observations and opinion
The recent Conservative Party of Canada leadership process used a “ranked ballot”, permitting voters to rank the many candidates in order of preference. As each “round” was completed, the candidate with the least support was dropped and his/her votes were re-allocated across the remaining candidates, as indicated by the voter.
The result, as we have seen, is that someone with about 20% initial support got 31% more support, after many, many rounds of counting.
This process asks for “preferences” instead of “choices.” When you are asked for your preferences, you say what you really would like in an ideal (your ideal) universe – independent of the context, and with no knowledge of what other voters are doing or how the votes are stacking up.
So, for example the 30% of CPC voters who feel that social issues and abortion are most important, voted for their prefered candidates, in order. Ultimately their third or fourth favourite choice – Andrew Scheer – picked up their residual ranked ballot so-con support and rode that to victory. It is quite possible (likely) that every single so-con voter ranked Scheer above the very un-so con Maxime Bernier, on the preferential ballot.
But because the vote was already “baked” (decided at the outset by completing the ballots) the non so-con voters had no option to say, “hmmm… looks like Scheer might win, and he’s got baggage and ideas I’m not comfortable with. I had better drop Scheer and vote for a more viable candidate.” There was no way for that kind of deliberation to happen, with the “vote all at once by ranking your preferences on paper” method. They played Fantasy Baseball, and they got some second baseman from the Florida Marlins.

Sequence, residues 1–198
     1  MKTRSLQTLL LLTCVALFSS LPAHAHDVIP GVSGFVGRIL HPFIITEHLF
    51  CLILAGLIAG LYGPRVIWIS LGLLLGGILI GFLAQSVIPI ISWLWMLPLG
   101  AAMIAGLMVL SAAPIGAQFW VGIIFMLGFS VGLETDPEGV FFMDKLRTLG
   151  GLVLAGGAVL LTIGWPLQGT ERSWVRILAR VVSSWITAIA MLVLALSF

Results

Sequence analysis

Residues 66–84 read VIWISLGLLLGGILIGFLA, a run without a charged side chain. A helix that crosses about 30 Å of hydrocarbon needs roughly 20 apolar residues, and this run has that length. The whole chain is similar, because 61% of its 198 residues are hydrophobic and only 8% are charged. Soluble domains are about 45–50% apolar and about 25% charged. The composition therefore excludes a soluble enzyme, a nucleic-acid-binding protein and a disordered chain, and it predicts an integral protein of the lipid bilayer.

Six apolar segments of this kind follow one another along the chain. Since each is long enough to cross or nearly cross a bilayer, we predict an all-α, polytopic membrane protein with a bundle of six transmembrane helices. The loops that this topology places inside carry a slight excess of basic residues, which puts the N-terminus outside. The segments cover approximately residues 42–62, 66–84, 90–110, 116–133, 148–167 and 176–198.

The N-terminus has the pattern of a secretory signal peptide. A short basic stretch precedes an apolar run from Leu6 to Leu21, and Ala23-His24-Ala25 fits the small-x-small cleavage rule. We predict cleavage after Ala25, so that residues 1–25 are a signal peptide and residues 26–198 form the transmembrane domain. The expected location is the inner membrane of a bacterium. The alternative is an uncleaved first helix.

The irony of this is that by asking people what their “preferences” are, almost nobody gets their preference. They got the somewhat unpredictable result of how 140,000 other people marked down their preferences. As my little picture above illustrates, that really does not work to produce the best outcome.
The problem with preferences is, they often don’t really operate in the non-ideal, REAL world. In the real world, we make choices. Choices are often binary (as in the final ballot of a party leadership vote), forcing a voter to decide not amongst 13 preferences, but between 2 real options: A and B. Had the Conservatives had a selection process where people had to vote, after each round, they would have been faced very quickly with the realization that many candidates were “no-hopers” and likely abandoned them fast. There would have been fewer rounds and the matter would have come down to a binary choice fairly quickly – not necessarily between Bernier and Scheer. Bernier almost certainly would have made it to the end, but would Scheer?
A real choice, between two real options, forces a voter to weigh carefully not what they “prefer” but what they actually have to face: who will really be the best, most electable, most effective leader? Had they gone through this and chosen Scheer, he would today be an infinitely more credible new leader than he is. Whoever they had chosen in that manner, would have been more credible.
But now they’ve got Andrew Scheer, with a big question mark hanging over his head, and a lot of people feeling deep regret. Because in their hearts, not many people wanted the salmon – but they didn’t get to choose. Ironic, I suppose, given Mr. Scheer’s feelings about “choice” in general.